The worst U.S. typhoon since 1935 struck the territory of Saipan Oct. 24, causing destruction and directly impacting Oklahoma Christian alumni living on the island.
According to the Columbia Journalism Review, not a single U.S. news crew traveled to Saipan to cover the typhoon. Junior Adele Hudkins grew up in Saipan and her family continues to reside there. She refers to her home country as a “hidden gem,” and said she felt helpless when the typhoon struck.
“What’s sad is that not a lot of people know about it, but it is a U.S. territory,” Hudkins said. “If it was Texas, people would be like, ‘Pray for Texas.’ It’s just frustrating that not a lot of people know about it. If it was talked about on the news, it was brief. It is very frustrating to family and friends back home, especially the ones that grew up in the mainland.”
Two weeks since the typhoon, Hudkins’ immediate family is safe. Hudkins’ sister, Oklahoma Christian alumna Abigail Parker, took shelter in her parent’s concrete home with her husband during the typhoon. With walls torn down, clothes in trees and a fridge on top of their car, Hudkins said her aunt and uncle’s home experienced the worst damage in her family.
“The typhoon wasn’t that scary until around 1 a.m.,” Parker said. “That’s when the eyewall hit land. The pressure from the windows was making my ears pop. I thought for sure they were going to break, but they didn’t at my mom’s house. Many other homes had broken windows. Jake and I just sat in the dark and watched the trees swaying and bending. We could hear some of the trees in the backyard actually snap in half.”
More than 1,000 Saipan citizens are still homeless in the wake of the typhoon and resources are limited. According to Hudkins, family members have had to wait in five-hour lines to do laundry and three-hour lines to get gas.
“In Saipan, a lot of homes have water tanks that collect rainwater so that’s what we’ve been using,” Abigail said. “My husband has been working 12-plus hour days working at the utility corporation to try to restore the water on the island. For now, people can go to well sites and fill drums of water to bring home to use to shower if need be. I believe there are about 1000-plus people living in shelters. That really scares me because of the lack of running water.”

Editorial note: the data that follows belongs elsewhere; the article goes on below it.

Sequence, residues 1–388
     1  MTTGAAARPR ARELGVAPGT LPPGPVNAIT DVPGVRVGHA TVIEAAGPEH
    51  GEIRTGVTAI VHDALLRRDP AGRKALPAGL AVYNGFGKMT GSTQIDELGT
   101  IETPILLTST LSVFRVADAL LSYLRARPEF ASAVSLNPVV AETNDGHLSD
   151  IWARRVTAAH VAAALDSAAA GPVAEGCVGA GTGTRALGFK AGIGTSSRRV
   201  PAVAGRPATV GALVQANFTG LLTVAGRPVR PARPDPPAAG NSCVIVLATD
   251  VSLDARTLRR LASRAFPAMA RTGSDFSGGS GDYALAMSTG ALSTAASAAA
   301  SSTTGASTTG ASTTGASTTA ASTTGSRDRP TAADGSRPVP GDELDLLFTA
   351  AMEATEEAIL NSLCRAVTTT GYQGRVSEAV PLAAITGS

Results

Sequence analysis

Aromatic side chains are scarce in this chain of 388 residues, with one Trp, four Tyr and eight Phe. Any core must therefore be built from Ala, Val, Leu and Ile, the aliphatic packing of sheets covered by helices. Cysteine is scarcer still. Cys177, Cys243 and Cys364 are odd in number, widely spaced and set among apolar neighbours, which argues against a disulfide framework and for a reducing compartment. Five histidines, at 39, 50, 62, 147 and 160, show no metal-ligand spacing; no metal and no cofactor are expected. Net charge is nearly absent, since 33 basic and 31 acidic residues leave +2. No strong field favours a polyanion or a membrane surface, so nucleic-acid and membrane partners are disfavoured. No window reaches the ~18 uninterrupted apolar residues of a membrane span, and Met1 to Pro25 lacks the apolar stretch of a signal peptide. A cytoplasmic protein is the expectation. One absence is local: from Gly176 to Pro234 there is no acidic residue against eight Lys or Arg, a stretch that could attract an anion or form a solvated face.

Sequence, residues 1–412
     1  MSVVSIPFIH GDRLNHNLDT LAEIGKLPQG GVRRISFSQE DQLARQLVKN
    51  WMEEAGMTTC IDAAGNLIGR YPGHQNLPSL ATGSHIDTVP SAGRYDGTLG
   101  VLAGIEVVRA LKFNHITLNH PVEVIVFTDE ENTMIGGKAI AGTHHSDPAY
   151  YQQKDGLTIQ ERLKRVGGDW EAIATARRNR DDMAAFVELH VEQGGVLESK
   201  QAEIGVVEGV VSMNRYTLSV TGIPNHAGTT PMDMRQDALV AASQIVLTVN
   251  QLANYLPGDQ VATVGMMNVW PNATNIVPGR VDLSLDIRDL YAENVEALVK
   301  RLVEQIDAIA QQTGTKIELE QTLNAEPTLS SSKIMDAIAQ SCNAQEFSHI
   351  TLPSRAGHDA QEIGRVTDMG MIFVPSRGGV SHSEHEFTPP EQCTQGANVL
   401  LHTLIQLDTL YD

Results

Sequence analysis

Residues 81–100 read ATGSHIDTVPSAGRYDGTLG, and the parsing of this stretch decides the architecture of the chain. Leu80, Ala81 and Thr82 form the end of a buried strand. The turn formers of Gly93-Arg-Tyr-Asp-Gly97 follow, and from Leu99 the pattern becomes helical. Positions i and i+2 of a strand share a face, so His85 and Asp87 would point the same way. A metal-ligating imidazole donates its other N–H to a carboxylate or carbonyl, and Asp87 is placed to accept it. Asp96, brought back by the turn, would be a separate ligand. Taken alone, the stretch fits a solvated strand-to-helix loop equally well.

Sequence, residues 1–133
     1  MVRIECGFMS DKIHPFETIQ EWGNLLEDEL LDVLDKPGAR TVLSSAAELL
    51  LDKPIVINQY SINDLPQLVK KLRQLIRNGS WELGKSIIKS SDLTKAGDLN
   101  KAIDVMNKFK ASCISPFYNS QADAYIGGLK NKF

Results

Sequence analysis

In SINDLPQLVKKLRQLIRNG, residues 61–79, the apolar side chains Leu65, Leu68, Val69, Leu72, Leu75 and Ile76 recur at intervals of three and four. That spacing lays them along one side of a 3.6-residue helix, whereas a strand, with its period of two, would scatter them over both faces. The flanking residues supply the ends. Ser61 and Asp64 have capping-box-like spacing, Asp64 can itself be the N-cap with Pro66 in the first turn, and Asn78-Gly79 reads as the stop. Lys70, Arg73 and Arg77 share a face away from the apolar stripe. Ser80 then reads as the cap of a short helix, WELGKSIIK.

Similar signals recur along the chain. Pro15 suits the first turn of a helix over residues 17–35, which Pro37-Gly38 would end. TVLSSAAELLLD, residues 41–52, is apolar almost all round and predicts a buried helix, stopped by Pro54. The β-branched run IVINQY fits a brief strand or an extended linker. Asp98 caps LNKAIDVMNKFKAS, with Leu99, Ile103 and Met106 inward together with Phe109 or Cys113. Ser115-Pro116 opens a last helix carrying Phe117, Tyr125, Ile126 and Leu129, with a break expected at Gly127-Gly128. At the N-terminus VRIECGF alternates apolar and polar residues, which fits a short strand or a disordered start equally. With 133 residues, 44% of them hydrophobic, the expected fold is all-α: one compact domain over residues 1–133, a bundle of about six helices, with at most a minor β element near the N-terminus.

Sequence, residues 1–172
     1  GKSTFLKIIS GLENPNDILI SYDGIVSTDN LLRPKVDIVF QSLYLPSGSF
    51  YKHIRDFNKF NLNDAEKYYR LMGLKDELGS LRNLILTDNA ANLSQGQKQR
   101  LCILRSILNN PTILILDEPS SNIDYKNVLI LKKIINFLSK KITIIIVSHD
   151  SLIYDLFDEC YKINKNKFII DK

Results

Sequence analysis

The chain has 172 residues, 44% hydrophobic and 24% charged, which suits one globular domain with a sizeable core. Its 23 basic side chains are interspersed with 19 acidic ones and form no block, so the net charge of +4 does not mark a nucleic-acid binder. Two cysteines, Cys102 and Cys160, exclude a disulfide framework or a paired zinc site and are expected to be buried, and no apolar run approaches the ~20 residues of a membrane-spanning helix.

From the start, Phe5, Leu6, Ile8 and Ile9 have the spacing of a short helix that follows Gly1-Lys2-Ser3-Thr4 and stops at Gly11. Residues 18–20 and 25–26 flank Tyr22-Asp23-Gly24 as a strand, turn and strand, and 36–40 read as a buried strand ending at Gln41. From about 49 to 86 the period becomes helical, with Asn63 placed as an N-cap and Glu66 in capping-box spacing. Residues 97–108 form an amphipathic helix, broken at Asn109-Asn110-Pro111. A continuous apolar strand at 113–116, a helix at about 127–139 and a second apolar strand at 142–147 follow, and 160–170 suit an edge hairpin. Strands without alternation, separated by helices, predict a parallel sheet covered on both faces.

According to Abigail, one of the best things Oklahoma Christian students can do is to keep the people of Saipan in their prayers.
“There’s not much a small community at OC can do, but there are bigger people we can reach out to that can make a difference,” Abigail said. “Care packages with relief goods like old clothing, household supplies, flashlights, bug spray, etc. are always welcome.”
Parker said she also believes climate change plays a role in amplified natural disasters such as this one.
“This super typhoon was able to get as big as it did because the water was so warm,” Parker said. “I do believe global warming is real. It may not be affecting Oklahoma as much, but it sure is affecting the islands. Please think about us the next time you have the option to recycle, use less plastic or do anything else that affects the environment. We can all make a difference.”
After anxiously hearing news of the typhoon miles away, Hudkins said she is grateful her family survived and is safe.
“It’s just nice to see my family together after all that,” Hudkins said. “I’m just thanking God that they are alive. Most of us think materialistic things are important, but when it comes to life or death situations, you see what’s important.”